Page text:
The number of cases against General (Retd) Pervez Musharraf, former ‘lord and master’ of Pakistan, keep growing by the day. Already he is involved in cases relating to possible treason, murder and illegal detention of judges. The one case that nobody wants to bring up is the case with which it all started in 1999. The reason why that case is off limits is well known though everybody seems to focus on what happened in 2007. It seems as if what happened in 1999 when Musharraf illegally dismissed a sitting democratic government, declared an emergency and suspended the constitution was of no consequence.
As I started writing this column the Internet was flooded with reports that Nelson Mandela was dead, which turned out to be untrue. Still, Mandela will not be with us for very long. So as I wrestled with the Mandela news and my thoughts about the Musharraf situation, I kept thinking back to the time six or so years ago when the ‘ill-fated’ National Reconciliation Ordinance (NRO) was being discussed. At that time, many columnists and people in the opinion business kept bringing up the Mandela legacy in South Africa, where on assuming the presidency he refused to go after ‘his enemies’. Instead the ‘Truth and Reconciliation Commission’ was formed to look at what had happened in the past. Of course, there was no such attempt on the part of the Pakistani politicians or the military-supported government for such an initiative.
As far as the present problems of Musharraf are concerned, he has the misfortune of having two of the most powerful people in Pakistan, the Prime Minister (PM) and the Chief Justice (CJ) particularly upset at the way they were personally treated in the past by him. The third person with power to influence the course of this wave of cases against Musharraf is the Chief of the Army Staff (COAS). But the COAS has decided to stay neutral at least in public. The one question that hovers in the background is why Musharraf decided to return to Pakistan when he did. Was he given bad advice or did he judge the ‘situation’ to be more favourable to him than it was, based upon some idiosyncratic assessment?
This is still an evolving situation and after all, it is highly unlikely that a previous COAS and President of Pakistan will be convicted and hanged for treason. Personally, I don’t believe that the country has any appetite for a prolonged case against Musharraf that ends in his hanging. Also, if Musharraf goes down, he will take many others down with him. The historical reality is that the apex court, many politicians and most of the bureaucracy have, by and large, supported every autocrat in power starting with Ghulam Muhammad and the Maulvi Tamizuddin case in 1955.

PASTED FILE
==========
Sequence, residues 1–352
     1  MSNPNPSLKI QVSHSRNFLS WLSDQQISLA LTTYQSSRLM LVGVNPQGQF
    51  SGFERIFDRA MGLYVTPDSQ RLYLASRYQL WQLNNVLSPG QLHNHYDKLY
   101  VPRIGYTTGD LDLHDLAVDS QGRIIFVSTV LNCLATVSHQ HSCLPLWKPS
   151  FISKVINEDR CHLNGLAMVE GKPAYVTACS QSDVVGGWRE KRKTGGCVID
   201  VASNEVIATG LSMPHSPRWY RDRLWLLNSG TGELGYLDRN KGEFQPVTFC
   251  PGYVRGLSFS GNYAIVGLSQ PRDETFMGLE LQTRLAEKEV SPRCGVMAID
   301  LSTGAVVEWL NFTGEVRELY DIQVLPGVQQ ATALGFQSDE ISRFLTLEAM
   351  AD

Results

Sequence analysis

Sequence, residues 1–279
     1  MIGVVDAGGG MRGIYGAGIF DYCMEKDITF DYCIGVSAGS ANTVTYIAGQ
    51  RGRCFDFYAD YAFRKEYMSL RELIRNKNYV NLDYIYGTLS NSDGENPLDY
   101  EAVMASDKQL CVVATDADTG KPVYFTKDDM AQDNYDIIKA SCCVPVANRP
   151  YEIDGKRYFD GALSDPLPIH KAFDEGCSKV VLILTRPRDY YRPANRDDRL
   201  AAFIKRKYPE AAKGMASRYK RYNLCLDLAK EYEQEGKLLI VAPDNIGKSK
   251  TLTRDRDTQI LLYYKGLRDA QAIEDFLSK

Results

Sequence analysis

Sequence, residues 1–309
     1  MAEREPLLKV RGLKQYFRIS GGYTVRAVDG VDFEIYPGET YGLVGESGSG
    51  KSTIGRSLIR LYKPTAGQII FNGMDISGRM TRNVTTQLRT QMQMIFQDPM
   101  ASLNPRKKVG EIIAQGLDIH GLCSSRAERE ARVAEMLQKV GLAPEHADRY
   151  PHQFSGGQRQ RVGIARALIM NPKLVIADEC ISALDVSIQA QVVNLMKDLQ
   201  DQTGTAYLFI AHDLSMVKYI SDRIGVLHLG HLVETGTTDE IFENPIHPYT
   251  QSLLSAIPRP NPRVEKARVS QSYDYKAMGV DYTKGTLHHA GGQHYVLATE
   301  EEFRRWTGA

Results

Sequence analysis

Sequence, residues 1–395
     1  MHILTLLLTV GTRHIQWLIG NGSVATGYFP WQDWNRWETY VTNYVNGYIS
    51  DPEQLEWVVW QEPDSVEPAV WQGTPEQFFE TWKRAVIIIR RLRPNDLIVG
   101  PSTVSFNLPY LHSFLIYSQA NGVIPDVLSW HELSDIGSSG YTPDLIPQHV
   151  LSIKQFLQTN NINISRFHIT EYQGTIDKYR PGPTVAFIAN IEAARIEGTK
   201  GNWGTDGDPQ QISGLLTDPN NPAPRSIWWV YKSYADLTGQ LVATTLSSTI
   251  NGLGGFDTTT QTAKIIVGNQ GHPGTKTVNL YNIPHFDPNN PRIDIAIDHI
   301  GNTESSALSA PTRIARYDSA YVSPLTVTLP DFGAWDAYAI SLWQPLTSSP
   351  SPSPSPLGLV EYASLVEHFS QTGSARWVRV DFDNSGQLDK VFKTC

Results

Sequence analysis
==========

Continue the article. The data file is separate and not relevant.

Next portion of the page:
So the question then facing PM Mian Nawaz Sharif is whether he should proceed with a case against Musharraf starting with the 1999 military coup that might draw a lot of people into it, including members of the senior judiciary or just restrict it to what happened in 2007. Honesty demands that if Musharraf has to be tried he should be tried for what he did in 1999 onwards. But that would probably cast a rather wide and extremely uncomfortable net. What happened in 2007 except for the dismissal of members of the judiciary was entirely farcical. Essentially Musharraf carried out a coup against his own government!
The other option for the PM is to follow the example set by Mandela and establish a real ‘Truth and Reconciliation Committee’ that looks into what went on in Pakistani politics over the last 20 years, including the Kargil fiasco and the Asghar Khan case, recently adjudicated by the Supreme Court (SC) but strangely absent from any further mention. If, however, any cases against the Pakistan People’s Party (PPP) and its governments are still left unexplored, the SC is already on it full force. Essentially, if only Musharraf and the PPP are tried for all sorts of ‘stuff’ then it would seem more like a case of victimisation rather than a search for justice.
How PM Sharif handles this situation will tell us a lot about him as a person and his much vaunted maturation as a politician. At this time the new government is facing such severe problems that the Musharraf situation will act as a diversion and possibly decrease the ability of the government to pursue its immediate goals. The best option at this time is to put the Musharraf case on a slow track, concentrate on the energy crisis and the rapidly diminishing foreign currency reserves. Anyway, with so many cases against him Musharraf will be kept busy travelling from court to court like Asif Zardari a decade ago.
Also, the PM should remember that if his government does not fix some of the immediate problems facing the country, especially concerning ‘load shedding’, and if at the same time Musharraf is being paraded from court to court, ordinary people just might start remembering that things were comparatively not so bad under Musharraf. And possibly there might also be a rise in support for him among the rank and file of the army on seeing a former chief being humiliated by politicians and the courts. Perhaps that was Musharraf’s strategy all along and he is after all not as devoid of ‘wisdom’ as he is being made out to be by his detractors.
An interesting news item suggested that some court ordered Musharraf and others to demolish their homes, which include the house Musharraf is presently incarcerated in after it was declared a ‘sub-jail’. If he follows these orders and demolishes his ‘jail house’ would that then be a jail break? And if he doesn’t pull his own house down would he then also be disobeying the court? Either way he could face another case against him. Curiouser and curiouser.
The writer has practised and taught medicine in the US. He can be reached at firstname.lastname@example.org